I also compose with pictures. I make films that originate from the sense of form of a music composer. The result are artist films and videos and pieces that combine film with live musicians. Here are a few examples.
Sing was du hörst!
This piece is pretty similar to the child game «Chinese whispers». The original is a singing improvisation which I recorded onto Minidisc. This singing I gave 13 friends on headphones, each with the assignment to sing along what they´re hearing. While doing so I filmed them with my video camera. The resulting series of portraits is screened silently while the voice of these so portrayed people is given again on headphones of the music performer on stage – with exactly the same assignment: play along what you´re hearing as exactly as possible.
With: (in order of appearance)
Mendel Hardeman, Jasna Velickovic, Amos Elmalia, Kaat Hellings, Federico Reuben, Miguel Clerk Perada, Grzegorz Marciniac, Jörg Euteneuer, Juan Sebastian Lach Lau, Duncan Macloud, Clarissa Miller, Dganit Elyakim, Anette Schmid-Burgk, Ophir Ilzetzki
17.3.2006 Schlossberghalle Starnberg, Piano Possibile (Premiere Ensemble Version)
25.3.2006 Muffatwerk Club Ampère München, Piano Possibile
21.4.2006 Korzo Theatre Den Haag, Otto Bakker – Cello (Premiere Solo Version)
Flute: David Eschmann, Oboe: Dietrich Schmidt, Clarinet: Heinz Friedl, Trombone: Erwin Gregg, Glockenspiel: Stefan Eblenkamp, Violin: Gertrud Schilde, Cello: Mathis Mayr
‘Leftovers’ is made of leftovers from my own film work, as well as pieces from recent music history. The Super8 images were shot at Munich Main Station.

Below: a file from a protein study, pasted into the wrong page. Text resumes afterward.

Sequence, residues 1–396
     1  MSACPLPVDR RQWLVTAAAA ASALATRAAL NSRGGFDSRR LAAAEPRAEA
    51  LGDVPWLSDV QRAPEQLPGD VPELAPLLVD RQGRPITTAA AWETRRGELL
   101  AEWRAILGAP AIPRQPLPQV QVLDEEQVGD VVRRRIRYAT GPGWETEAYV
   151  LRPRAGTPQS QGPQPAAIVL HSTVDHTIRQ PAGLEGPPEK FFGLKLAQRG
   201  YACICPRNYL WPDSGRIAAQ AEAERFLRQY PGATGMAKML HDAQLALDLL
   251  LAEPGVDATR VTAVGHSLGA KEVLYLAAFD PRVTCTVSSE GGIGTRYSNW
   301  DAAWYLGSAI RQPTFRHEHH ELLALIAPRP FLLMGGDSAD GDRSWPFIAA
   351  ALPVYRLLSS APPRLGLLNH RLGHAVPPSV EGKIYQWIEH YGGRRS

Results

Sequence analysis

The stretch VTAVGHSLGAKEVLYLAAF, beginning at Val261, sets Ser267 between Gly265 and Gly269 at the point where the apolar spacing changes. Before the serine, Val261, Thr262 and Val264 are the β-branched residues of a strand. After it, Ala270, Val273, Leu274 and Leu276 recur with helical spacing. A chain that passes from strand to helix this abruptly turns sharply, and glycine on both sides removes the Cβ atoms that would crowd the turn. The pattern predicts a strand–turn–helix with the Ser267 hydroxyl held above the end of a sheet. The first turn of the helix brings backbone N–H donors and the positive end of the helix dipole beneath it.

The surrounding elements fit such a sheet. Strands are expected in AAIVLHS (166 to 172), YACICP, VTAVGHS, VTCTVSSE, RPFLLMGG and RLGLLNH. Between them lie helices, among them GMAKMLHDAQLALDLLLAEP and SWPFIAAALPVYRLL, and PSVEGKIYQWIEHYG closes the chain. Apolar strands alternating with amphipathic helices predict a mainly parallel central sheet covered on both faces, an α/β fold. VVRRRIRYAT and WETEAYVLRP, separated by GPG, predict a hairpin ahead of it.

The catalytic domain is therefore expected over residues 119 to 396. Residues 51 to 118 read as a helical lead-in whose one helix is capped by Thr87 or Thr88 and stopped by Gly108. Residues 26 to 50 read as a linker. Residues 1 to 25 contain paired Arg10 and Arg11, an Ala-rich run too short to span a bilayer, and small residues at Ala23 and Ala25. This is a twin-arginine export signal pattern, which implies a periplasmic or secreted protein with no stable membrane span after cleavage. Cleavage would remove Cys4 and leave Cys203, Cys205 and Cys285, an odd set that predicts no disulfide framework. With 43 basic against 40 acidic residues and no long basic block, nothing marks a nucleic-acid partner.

People are being observed while waiting, going, eating and buying newspapers, or using the telephone. The projectionist has a collection of real objects, equivalent to the ones used or carried by the people in the image. One by one he puts those objects in the projection beam, so that the objects in the image are doubled in shadow.
This combined image, projected onto a small screen, is being captured by a video camera, which again projects it over the heads of the musicians onto the back wall of the stage. The musicians are not only doubling the noise of the Super8 projector with musical imitations and embellishments, but they also double the gesture of putting objects into the projection beam. This tautological matrix is finally dissolved by an ironic layering of one-tone-pieces from Scelsi, Grisey, Berio, Jobim and Ligeti.
28.1.2005 Korzo Theatre Den Haag (Premiere)
6.6.2005 Villa Ockenburgh Den Haag
“Quasi Rublev” (2006/07) is a 50-minute project created by three artists: Katarina Głowicka, Mathis Nitchke and Gośka Isphording. It was inspired by the films of Tarkovsky’s metaphorical long shots and slow transformation in which the spectator loses his sense of time. It was this particular bell casting scene from the film “Andrei Rublev” which was the starting point for the project. Glowicka created processed, dark bell-like sounds on the harpsichord with electronics. Nitschke found his contemporary equivalent of the holy bell at the Vienna Prater. The film is shot on black and white Super8.